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Stephen Quinn

The bottom line for decent public toilets Add to ...

As I say to my two-year-old, everyone goes to the bathroom.

And sometimes, people need to go to the bathroom in the middle of their commute.

A group of transit users is urging TransLink and the provincial government to install washroom facilities at major bus exchanges, SkyTrain stations and other busy transit hubs in the Lower Mainland.

So far, the online petition hasn’t exactly caught fire. As of Friday, it had attracted just 30 signatures. But the effort is sincere.

For a growing number of citizens, reasonable access to a decent public toilet is no joke, and the lack of it may actually prevent them from riding transit, or even leaving the house. It's a question of accessibility and needs to be taken seriously.

The petitioners argue that with trips often taking more than 90 minutes to complete, asking passengers to simply “hold it” until they get to their destination is inhumane.

An example, they say, is the Coquitlam bus loop, where the closest washroom is located in the mall nearly a kilometre away and closes when the mall closes.

There are signatures from parents of small children and from people who are elderly or disabled, describing what they go through because of the lack of washrooms. It's heartbreaking stuff, actually.

This is certainly not the first time someone has lobbied for washroom facilities in transit stations. TransLink has received piles of mail about the issue from citizens. It has also been pushed by municipalities.

Five years ago, when Vancouver City Council approved the installation of eight automated, self-cleaning and not very reliable toilets, it also passed a motion urging TransLink to provide facilities at major transit hubs.

The city noted that TransLink has the space within its major station areas to build the washrooms, and that other big cities provide washrooms at major transit interchanges.

TransLink, however, is unmoved. Its position on what to do when nature calls is “go before you go,” which is cute and easy to remember, but also unhelpful.

For the transit authority, not surprisingly, it comes down to money. “It’s a question of paying for them,” TransLink spokesperson Drew Snider told me earlier this week. “For one thing paying to put them in, but then also security, maintenance and keeping them clean.”

Mr. Snider says there may be examples of other transit systems in the world with washrooms but asks: “Are they keeping them in a state where people would want to go change their baby in there or people would want to relieve themselves in there?”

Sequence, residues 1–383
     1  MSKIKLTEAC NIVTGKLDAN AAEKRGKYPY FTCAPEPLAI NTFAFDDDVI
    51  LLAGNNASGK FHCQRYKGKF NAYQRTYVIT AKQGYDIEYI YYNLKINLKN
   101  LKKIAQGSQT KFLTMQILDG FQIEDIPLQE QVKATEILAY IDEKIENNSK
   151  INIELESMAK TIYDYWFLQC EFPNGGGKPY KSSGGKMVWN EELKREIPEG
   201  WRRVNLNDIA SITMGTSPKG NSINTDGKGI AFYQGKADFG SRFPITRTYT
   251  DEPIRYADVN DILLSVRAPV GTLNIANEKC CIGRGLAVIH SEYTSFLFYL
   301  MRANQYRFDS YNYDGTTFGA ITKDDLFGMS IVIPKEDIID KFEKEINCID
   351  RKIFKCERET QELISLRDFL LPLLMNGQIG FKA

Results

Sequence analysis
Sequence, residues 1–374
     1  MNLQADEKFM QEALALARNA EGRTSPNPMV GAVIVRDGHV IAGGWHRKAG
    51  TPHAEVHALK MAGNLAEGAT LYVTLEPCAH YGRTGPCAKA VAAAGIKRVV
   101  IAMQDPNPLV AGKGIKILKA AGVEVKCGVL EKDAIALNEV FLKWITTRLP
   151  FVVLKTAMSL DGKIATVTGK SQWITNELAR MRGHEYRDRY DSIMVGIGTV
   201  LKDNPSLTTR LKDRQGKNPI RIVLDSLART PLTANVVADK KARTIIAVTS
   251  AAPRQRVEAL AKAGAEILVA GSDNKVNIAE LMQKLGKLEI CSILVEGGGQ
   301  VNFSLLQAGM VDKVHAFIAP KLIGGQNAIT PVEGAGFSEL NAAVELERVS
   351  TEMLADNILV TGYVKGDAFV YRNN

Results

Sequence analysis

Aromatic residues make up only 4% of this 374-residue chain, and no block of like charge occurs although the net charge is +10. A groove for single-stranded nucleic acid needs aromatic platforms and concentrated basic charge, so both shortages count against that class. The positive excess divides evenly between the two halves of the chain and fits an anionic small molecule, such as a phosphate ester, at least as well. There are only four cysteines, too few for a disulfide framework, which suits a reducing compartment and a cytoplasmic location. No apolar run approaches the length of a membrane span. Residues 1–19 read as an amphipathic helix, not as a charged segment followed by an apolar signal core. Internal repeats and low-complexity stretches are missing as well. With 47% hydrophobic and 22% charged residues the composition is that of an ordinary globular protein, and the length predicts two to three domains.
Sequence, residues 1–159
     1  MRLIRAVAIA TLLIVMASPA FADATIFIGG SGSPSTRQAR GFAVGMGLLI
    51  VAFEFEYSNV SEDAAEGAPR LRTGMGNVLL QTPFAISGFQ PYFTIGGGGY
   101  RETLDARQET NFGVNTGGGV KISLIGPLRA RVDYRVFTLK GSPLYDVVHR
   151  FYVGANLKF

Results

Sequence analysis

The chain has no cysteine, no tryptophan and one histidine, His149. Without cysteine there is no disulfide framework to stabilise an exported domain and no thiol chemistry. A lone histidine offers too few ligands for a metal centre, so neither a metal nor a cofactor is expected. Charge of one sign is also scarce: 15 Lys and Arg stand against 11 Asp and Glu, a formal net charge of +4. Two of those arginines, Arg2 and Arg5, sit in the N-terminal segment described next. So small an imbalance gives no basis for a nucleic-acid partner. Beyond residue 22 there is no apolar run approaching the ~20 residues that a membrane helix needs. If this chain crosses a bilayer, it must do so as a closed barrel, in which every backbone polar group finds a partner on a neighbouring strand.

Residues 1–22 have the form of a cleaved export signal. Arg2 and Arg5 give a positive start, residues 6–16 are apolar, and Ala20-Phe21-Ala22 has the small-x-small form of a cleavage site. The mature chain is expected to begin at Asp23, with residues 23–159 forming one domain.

True, any regular Toronto transit rider will tell you the TTC washrooms should be avoided at all costs. Still, in an emergency, even a smelly and filthy bathroom is better than none at all.

Mr. Snider doesn't disagree that more public washrooms may be needed, but says Translink is in the business of providing transportation. Even if TransLink had the money, he says, it would make more sense to spend it on more transit so people didn’t have commutes that lasted 90 minutes or two hours in the first place.

I think he has a point. I don't think TransLink ought to be let off the hook, but people lobbying for more and better washrooms also have to target the Metro Vancouver Board and their own municipal councils.

This is a real issue and will become a more serious one as the population ages.

Coincidentally, Nov. 19, civic election day in B.C., also happens to be World Toilet Day, as declared by the American Restroom Association.

The ARA is a serious organization which advocates for the availability of clean and safe public restrooms. It has made submissions to Congress, and instructs U.S. political hopefuls that taking on the restroom issue can help win elections. “Most likely this is an issue that, carefully handled, can draw votes.”

The bottom line is that making decent public toilets available is an accessibility issue, as basic as curb dips and audible pedestrian signals.

There's no question that even in the third most livable city in the world, going to the toilet when you need to – when you really need to – shouldn't test the limits of human dignity.

Stephen Quinn is the host of On the Coast on CBC Radio One in Vancouver, 690 AM and 88.1 FM. stephen.quinn@cbc.ca

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